At the recent Payfast eCommerce Virtual Summit, hosted by Insaka eCommerce Academy, Venter discussed the challenges and opportunities that the e-tailer has navigated over the last few years and how it is setting the groundwork for future growth.
During the pandemic, shoppers shifted towards online platforms as a safer way to shop from the comfort of their homes, and trust in e-commerce reached a tipping point. OneDayOnly recognised that consumers had become vastly more comfortable with the online payment and delivery processes and the security and benefits they provided.
“The convenience factor has really kicked in,” Venter said, adding that OneDayOnly has retained most of its customers acquired during the pandemic.
While customer acquisition received a welcome boost, retention is a hard-won battle. As consumers return to their former lifestyles and spend more money outside of the home, the irregular online sales spikes brought about by Covid have simmered down. Moreover, consumers' disposable income has dwindled as they grapple with the ever-rising cost of living.
“This has definitely been a year of transition, with people going back to shops and restaurants and returning to travel. In addition to that, this year has been very trying for South Africans. We've had huge interest rate hikes, petrol hikes, electricity hikes…”
“We started to see a bit of a slowdown. It’s been a challenging year of transition to make sure that we’re retaining every single one of those customers, that we’re still growing as a business and adapting to customer needs,” Venter said.
OneDayOnly's expansion into new product categories has been a successful business strategy that has continued post-pandemic. As Venter explained, during the pandemic, the retailer was limited to selling essential items such as washing powder, toilet paper and sparkling water. However, OneDayOnly managed to turn this limitation into an opportunity by building these product categories into a significant part of its business.
According to Venter, the retailer is constantly investing in becoming more customer-centric, tapping into data to improve personalisation and ensure that OneDayOnly is targeting the right people at the right times with the right messaging.
“We've focused hugely on understanding our audiences from a Google point of view, from a social media point of view, from a CRM point of view. We want to know who our current customers are, who our customers are that were shopping with us that have stopped, who the audiences are that we haven't reached, and who the audiences are that we've reached but are still not shopping with us so that we can then work on conversions.”
For Black Friday, OneDayOnly actively sources information from customers on their product preferences and spend predictions, allowing the company to plan for the ideal merchandise mix and ensure sufficient stock availability. To circumvent supply chain challenges, Venter said the e-tailer begins planning for November’s Black Friday shopping event as early as May, locking in good deals and prices at the right quantities to prepare for the seasonal rush.
“Stock has been gold for the last couple of years for various reasons. China being shut down for a lot of the Covid lockdown periods has meant that we haven't been able to get product from them. We’ve had huge issues with shipping containers, we've had strikes in South Africa … This has meant that we as a business have had to plan well in advance.”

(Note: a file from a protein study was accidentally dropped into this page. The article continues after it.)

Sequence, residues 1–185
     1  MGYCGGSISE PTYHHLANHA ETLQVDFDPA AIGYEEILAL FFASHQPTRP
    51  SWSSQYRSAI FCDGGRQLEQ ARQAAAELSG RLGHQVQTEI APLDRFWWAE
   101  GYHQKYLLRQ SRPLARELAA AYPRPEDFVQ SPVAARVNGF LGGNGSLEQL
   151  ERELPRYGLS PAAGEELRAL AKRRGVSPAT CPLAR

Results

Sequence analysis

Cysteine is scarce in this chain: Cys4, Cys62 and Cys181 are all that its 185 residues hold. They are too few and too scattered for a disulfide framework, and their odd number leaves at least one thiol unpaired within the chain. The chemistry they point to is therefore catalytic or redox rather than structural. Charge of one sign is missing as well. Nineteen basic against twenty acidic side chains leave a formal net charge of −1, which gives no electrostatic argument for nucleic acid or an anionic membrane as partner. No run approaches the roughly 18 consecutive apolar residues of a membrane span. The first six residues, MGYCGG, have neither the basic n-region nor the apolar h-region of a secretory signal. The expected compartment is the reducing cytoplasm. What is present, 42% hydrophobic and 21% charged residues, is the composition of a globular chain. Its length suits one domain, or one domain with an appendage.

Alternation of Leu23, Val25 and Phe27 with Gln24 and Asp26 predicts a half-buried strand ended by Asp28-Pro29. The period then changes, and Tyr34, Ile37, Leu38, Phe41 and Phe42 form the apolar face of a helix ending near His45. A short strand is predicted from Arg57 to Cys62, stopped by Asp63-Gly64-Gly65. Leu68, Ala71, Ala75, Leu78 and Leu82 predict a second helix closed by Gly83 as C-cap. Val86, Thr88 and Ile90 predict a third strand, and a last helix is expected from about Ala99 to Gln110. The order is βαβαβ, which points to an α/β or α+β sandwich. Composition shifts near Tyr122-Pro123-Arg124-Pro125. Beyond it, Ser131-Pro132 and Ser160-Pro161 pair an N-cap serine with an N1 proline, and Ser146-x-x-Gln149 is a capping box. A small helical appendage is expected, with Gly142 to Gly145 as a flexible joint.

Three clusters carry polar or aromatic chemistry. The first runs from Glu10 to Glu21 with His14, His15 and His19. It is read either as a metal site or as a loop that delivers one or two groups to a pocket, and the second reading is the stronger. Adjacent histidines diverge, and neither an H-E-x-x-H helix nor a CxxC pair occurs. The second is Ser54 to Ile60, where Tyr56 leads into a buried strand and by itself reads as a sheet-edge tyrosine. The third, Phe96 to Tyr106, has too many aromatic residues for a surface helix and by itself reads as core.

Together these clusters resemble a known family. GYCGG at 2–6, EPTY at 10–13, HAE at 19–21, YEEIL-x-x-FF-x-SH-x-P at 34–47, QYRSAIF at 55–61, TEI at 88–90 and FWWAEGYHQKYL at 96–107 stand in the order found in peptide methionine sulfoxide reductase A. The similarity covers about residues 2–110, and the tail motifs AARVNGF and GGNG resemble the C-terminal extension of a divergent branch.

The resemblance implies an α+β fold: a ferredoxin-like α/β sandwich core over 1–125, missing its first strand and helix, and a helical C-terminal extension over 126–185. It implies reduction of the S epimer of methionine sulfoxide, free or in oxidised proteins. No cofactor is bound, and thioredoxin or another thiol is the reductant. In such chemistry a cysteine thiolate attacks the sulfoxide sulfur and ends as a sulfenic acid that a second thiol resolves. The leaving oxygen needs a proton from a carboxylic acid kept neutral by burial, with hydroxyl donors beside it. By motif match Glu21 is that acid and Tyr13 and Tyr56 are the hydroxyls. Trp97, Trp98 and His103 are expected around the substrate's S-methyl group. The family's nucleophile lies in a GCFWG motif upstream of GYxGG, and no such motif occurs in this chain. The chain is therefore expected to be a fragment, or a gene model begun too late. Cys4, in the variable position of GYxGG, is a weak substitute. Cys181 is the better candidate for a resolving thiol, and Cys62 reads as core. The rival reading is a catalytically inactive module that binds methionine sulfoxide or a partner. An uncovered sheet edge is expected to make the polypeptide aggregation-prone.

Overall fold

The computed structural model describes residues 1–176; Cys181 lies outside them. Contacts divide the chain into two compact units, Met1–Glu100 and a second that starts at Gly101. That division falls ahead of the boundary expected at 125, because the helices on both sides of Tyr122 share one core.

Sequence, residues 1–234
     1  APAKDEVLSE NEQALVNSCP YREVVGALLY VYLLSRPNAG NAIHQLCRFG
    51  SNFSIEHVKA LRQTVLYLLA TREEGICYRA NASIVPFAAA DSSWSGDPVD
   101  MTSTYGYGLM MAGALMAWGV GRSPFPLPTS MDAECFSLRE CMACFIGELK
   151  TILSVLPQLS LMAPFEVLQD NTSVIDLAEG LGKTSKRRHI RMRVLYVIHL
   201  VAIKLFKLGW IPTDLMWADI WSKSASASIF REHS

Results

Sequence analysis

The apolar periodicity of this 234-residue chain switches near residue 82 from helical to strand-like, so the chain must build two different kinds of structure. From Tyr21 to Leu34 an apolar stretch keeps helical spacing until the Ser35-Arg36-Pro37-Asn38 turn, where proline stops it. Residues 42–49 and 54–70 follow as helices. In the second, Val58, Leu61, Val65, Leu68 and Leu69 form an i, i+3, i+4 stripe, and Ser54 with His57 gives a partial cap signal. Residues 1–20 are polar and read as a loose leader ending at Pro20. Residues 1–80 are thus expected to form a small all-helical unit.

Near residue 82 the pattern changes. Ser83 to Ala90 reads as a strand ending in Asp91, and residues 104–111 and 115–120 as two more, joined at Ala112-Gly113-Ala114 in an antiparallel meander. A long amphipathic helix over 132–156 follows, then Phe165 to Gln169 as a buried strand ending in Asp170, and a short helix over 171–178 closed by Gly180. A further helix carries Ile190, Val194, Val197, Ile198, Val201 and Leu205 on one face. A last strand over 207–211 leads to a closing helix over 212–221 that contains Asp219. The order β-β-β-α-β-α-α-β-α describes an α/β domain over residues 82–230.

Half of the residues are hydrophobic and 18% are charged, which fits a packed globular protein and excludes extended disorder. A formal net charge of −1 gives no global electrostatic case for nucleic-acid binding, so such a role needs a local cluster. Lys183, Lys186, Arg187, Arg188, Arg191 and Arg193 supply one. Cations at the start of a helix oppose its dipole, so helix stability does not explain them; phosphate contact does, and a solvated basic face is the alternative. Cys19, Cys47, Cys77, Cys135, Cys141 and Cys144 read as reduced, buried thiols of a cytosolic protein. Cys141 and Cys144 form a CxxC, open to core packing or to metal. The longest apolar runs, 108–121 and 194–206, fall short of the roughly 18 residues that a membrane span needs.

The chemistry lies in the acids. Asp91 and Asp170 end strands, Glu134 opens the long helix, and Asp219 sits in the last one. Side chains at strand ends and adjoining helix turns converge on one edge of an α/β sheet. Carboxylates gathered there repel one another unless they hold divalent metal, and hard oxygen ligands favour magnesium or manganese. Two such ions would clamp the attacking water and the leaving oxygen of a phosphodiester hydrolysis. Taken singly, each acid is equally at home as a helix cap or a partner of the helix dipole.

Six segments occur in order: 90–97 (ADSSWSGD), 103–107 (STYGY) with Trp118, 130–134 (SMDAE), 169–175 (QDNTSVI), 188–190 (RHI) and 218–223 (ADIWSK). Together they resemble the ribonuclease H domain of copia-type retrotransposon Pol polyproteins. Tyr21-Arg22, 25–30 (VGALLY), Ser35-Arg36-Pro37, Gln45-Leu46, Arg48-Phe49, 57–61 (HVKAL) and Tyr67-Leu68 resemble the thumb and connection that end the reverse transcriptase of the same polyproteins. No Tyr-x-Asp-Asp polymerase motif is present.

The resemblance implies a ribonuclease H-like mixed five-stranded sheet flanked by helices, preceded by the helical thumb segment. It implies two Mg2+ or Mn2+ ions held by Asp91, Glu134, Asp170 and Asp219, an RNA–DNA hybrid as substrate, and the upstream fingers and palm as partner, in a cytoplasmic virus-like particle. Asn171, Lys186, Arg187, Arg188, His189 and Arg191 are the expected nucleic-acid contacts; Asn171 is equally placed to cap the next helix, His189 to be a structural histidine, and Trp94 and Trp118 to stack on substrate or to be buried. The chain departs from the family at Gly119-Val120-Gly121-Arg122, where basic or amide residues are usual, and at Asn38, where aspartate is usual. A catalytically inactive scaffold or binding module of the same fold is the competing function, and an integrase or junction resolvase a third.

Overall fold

Venter said OneDayOnly is focusing on sourcing fresh products from previously untapped regions of the world and has sent buyers travelling around the globe and attending trade shows to secure these purchases.
However, she noted the retailer’s commitment to supporting local suppliers - sharing sales insights with them and backing their products with marketing support. This strategy has enabled OneDayOnly to diversify its product offerings while also supporting local businesses.
“The next year is an exciting one. This year has been very challenging to maintain the growth that we have seen over Covid, and next year we are looking forward to incredible growth again.”
OneDayOnly's staff complement grew by 30% during the Covid pandemic due to significant sales growth. However, this presented several challenges, such as having to hire and train new staff online and building a culture and teams remotely.
Despite these challenges, OneDayOnly has successfully transitioned back to the physical office environment. Venter noted that the company achieved this by focusing on breaking down the silos that had developed during remote work, rebuilding collaboration and communication between departments, and bringing back the joy of working together in a physical space by encouraging team building and social interaction.
Venter closed off with some advice for emerging online retailers. “Really understand who you are as a business. What makes you special, what makes you unique?” Then assess your customers, she said, ensuring you’re targeting them correctly and supplying them with the products they truly want.
Thirdly, she emphasised the importance of creating high-quality content to showcase your products effectively. This includes investing in good equipment and skilled photographers to present your products in the best possible light.
“The only way that people can actually experience your product is through your website, so you need to present it as well as possible. Video is huge for 2023, so make sure you've got some great video content out there,” Venter said.
“As a business, if you can continue to be nimble, continue to be resilient and roll with the punches. That really is going to be the measure of success for every online retailer.”